In all of the Uber-Human Hyper-Efficient Success-Driven philosophies out there, little attention is given to the emotions. Focus is mostly given to efficiency, visualization, action, and goals.
So what might happen is that those of us who feel deeply, who are sensitive, and who face insecurity could feel like these philosophies simply aren’t cut out for us, or that perhaps we just weren’t meant to be successful or efficient or goal-oriented. Or worse, that something is wrong with us.
Nothing is wrong with you if you’re emotional or sensitive. But you might be using your emotions as an excuse to stay stuck. Here are some perspectives that may help you to grow from your emotions, and quit seeing yourself as the victim of them.
Emotions and “Truth”
I began doing healing work in my early 20’s when I first intended to heal bulimia without drugs or Western medicine. I’ve done energy healing, acupuncture, homeopathy, massage, retreats, meditation and many other modalities and techniques. (Along with songwriting and performing!) All of them contributed to my movement toward wholeness.
At some point though, I realized my emotions continued to get stuck in kind of a default pattern. I’d often end up feeling the same old things, in spite of all of the progress I’d made. With no small amount of pride, I chalked it up to being more sensitive, more authentic, and more emotional than this cold cold world. (A Portrait of the Artist as a Drama Queen.) And yet, I got more and more drained by these patterns.
Then at a workshop, I heard Barbara Waterhouse talk about the untruth of emotions. She said that we all “do” our emotions. We might feel them too, but we choose to DO them. And oddly, I got my biggest teaching not from what she said, but from how the person next to me reacted. This person rolled her eyes, and huffed, “Oh please.”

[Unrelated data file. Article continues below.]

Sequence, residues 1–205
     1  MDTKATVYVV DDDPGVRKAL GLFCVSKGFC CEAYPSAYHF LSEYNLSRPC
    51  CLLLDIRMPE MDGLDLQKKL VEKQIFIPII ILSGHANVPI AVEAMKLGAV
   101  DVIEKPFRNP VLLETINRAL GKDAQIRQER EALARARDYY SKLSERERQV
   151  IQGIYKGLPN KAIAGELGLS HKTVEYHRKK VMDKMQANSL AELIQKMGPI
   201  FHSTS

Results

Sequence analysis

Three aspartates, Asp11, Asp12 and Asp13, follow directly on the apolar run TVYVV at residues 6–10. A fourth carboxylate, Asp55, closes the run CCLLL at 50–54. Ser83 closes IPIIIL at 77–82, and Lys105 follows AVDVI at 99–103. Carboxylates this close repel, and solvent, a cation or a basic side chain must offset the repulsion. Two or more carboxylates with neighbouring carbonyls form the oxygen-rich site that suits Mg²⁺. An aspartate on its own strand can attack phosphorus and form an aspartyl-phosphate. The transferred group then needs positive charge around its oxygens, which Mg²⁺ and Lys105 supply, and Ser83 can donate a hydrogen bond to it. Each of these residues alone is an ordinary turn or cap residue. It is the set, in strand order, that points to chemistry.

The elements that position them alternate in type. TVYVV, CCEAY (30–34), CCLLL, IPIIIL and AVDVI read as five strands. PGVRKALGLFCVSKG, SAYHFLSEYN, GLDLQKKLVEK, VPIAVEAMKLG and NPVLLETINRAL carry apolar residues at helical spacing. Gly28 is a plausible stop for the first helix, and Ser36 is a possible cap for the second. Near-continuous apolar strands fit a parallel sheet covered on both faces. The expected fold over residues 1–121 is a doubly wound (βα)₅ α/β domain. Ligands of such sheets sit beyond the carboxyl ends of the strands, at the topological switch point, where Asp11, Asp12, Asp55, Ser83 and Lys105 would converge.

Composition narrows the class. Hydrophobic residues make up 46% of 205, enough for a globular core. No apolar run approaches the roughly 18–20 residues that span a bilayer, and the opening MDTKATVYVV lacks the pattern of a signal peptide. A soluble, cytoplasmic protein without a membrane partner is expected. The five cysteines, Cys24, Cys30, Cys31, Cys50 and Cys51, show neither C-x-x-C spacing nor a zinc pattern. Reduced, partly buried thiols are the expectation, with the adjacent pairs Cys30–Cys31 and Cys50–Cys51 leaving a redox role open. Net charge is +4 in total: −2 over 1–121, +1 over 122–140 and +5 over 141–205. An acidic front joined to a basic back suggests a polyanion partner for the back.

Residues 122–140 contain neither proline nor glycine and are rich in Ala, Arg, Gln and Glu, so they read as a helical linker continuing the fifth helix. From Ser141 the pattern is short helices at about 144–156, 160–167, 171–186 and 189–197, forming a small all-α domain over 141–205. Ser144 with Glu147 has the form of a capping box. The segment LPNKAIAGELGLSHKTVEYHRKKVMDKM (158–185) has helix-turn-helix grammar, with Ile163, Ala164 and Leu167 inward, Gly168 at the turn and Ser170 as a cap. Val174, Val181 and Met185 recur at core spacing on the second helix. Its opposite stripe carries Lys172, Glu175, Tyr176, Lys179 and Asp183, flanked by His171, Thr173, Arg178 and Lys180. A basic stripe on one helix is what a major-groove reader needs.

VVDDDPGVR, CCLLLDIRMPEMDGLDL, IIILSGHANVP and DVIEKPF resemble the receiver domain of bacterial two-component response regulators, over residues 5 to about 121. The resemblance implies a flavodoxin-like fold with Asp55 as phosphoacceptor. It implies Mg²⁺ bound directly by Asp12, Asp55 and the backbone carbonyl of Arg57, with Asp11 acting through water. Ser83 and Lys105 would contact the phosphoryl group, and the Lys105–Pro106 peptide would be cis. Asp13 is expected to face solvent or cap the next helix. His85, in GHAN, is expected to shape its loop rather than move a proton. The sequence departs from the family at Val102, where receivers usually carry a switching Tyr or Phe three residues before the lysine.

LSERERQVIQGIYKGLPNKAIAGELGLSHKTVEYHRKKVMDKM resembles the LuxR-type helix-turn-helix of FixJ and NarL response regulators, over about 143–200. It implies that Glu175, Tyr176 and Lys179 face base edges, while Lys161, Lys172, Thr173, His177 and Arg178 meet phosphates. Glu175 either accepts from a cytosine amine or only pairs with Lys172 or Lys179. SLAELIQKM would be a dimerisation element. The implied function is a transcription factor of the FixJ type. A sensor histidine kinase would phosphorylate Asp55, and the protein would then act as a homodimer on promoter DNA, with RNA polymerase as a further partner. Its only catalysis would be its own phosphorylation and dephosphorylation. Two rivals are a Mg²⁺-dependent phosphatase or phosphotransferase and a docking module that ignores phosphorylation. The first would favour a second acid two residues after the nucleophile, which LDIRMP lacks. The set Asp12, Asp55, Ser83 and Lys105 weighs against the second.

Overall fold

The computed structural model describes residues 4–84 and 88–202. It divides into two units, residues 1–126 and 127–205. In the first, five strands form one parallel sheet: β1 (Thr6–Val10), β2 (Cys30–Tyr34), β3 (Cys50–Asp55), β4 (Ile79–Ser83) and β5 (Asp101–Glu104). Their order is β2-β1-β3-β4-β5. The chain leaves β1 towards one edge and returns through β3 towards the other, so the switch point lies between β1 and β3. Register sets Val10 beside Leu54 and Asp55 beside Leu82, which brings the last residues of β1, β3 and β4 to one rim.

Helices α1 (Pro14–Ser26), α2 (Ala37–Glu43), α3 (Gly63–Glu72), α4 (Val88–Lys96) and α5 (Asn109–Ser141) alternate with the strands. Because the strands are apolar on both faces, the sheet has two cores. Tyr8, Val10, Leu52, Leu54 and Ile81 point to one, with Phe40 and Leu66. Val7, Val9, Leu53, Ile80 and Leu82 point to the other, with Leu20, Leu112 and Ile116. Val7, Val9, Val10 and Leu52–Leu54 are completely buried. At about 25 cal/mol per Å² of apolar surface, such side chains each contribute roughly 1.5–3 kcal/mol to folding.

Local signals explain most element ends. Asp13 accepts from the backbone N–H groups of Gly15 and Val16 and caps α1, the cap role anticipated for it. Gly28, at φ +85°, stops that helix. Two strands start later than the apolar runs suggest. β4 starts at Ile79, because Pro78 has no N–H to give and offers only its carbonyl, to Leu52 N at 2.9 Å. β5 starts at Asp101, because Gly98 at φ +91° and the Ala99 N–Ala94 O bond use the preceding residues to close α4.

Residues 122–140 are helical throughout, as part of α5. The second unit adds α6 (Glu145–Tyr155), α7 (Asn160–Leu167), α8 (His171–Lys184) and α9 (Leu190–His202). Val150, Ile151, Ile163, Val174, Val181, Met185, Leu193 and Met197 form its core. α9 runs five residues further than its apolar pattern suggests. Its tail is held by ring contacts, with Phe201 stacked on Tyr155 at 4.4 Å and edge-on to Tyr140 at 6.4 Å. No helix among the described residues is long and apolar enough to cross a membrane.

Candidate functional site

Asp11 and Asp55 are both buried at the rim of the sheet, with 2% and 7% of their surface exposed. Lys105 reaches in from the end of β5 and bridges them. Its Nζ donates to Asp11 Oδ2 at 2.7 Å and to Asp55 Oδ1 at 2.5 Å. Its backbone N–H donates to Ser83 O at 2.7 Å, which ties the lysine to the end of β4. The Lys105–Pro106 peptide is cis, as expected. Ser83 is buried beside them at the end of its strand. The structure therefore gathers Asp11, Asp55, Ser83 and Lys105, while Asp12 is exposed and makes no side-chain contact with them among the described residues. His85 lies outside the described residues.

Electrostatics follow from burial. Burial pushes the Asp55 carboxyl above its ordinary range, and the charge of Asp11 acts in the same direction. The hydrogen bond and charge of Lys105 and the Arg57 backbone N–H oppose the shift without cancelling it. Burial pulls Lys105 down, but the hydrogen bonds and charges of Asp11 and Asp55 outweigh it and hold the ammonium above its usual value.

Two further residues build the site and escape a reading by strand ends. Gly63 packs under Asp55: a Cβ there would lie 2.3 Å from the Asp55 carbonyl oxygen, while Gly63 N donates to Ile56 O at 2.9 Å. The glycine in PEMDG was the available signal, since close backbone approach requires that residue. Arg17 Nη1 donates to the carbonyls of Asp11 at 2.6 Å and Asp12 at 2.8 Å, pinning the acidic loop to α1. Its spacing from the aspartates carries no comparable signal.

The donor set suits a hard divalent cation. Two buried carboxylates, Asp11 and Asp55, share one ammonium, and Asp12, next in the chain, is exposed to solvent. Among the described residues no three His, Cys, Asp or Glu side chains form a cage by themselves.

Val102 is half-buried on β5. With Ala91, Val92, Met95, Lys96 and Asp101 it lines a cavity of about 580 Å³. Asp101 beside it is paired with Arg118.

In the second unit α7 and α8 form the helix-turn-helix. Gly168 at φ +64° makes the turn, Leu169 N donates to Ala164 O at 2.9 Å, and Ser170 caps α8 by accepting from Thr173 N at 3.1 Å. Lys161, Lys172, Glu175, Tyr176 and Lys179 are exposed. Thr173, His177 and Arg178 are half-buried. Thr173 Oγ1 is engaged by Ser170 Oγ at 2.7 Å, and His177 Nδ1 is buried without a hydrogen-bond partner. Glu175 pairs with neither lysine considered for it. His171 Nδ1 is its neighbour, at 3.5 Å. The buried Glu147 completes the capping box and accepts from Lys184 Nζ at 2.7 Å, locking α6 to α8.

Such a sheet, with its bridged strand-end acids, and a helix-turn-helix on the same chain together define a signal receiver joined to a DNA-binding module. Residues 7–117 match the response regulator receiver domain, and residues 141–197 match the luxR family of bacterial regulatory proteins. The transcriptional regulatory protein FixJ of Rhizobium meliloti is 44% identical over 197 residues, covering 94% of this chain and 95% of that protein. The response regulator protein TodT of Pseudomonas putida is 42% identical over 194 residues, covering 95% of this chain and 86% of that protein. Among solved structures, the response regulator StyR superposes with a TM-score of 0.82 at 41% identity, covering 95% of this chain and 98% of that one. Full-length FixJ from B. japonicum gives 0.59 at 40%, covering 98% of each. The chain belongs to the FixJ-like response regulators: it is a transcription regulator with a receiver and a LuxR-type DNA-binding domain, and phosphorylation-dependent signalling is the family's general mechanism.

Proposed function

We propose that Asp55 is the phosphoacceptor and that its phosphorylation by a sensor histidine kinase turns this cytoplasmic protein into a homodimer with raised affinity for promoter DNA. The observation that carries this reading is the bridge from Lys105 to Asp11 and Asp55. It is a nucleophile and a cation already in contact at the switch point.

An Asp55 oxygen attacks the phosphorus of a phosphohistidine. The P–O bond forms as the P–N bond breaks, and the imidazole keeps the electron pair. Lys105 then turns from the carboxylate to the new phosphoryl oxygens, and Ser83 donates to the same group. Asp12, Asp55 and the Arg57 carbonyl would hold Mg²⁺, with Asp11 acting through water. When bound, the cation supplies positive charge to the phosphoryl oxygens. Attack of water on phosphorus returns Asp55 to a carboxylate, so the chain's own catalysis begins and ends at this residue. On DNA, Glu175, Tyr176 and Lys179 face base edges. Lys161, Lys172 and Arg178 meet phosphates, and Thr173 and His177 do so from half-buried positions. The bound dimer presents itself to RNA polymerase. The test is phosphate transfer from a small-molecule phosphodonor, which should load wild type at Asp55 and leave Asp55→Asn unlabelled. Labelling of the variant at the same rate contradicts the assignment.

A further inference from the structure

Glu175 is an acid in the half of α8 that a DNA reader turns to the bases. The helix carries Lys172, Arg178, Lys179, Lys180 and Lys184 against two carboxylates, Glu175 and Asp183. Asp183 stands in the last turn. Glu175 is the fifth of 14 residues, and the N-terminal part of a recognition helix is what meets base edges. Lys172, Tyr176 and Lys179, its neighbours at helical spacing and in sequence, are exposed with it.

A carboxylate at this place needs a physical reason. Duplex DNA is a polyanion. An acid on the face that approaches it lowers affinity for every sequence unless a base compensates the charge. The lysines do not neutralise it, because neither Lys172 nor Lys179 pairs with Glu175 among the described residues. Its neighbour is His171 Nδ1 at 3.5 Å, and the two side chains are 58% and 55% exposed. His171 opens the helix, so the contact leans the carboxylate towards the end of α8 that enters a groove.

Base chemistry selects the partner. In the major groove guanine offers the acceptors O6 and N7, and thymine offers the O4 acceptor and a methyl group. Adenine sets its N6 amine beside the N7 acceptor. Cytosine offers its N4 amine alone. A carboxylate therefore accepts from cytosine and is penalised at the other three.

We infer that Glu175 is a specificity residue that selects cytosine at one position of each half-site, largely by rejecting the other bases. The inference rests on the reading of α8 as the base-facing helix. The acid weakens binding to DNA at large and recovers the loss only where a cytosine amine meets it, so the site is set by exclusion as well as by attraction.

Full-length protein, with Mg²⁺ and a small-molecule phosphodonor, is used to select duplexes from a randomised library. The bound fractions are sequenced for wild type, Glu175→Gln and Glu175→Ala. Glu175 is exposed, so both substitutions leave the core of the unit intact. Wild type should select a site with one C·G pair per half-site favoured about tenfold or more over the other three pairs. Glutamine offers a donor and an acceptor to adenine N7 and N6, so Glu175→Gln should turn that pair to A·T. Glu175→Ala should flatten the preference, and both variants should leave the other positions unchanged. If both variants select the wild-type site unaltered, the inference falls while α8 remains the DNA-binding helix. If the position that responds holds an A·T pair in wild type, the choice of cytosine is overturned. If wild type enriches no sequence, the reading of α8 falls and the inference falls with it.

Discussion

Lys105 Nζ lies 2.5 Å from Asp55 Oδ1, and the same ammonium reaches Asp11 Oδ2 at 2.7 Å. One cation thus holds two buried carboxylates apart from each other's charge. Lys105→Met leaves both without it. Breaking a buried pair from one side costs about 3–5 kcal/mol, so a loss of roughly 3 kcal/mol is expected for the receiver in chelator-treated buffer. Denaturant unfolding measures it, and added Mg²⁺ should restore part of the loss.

In her reaction, I saw myself in the past. I saw how vehemently I clung to “my truth!” I saw my own self-righteousness and attachment. In other words, “Don’t challenge my feelings! They’re telling me the truth I want to hear! And that truth is that I’m sensitive and caring, and all of you AREN’T! I’m special!” (And probably, I’m a little stuck, too.)
From that day on, even in my worst self-pitying emotional attacks, I felt this little inner-observer watching me, scratching her chin and thinking, “Hmmmm. Now, I’m doing insecurity. Now I’m doing jealousy. Now I’m doing hopelessness.” Was I “doing” emotions? 85% of the time, I was. The challenge then became to choose differently.
Emotions and Choice
When you hear someone say that you can choose an emotion, your first thought might be that it’s impossible. Emotions just are, aren’t they? Emotions happen!
It takes a high degree of awareness, attention and persistence, but you can choose differently.
Erin Pavlina has a fantastic post on choosing emotions. I burst out laughing when she opted to say to her daughter, “Oh dear, honey. I was hoping you wouldn’t write on your furniture. But don’t stress about it.” If mothers always went through the process Erin writes about, kids would thrive. And her story shows that it is possible to choose a different emotion in the moment.
In my own experience, I’ve actually made myself stop all activity until I was able to raise my emotional level even a notch. Sometimes this has required that I just sit still and ask the question, “Is this true?” Sometimes I’d choose an adaptation of an NLP technique, like looking upwards and breathing. (This usually works best right when you catch the emotion or the thought coming on.) And sometimes, I just said to myself, “Nope! Not putting my energy there right now!”
How you make a different choice is something that comes with practice. This is a process that takes time. (I can’t stress this part enough!) But it is possible. I encourage you to be open to that.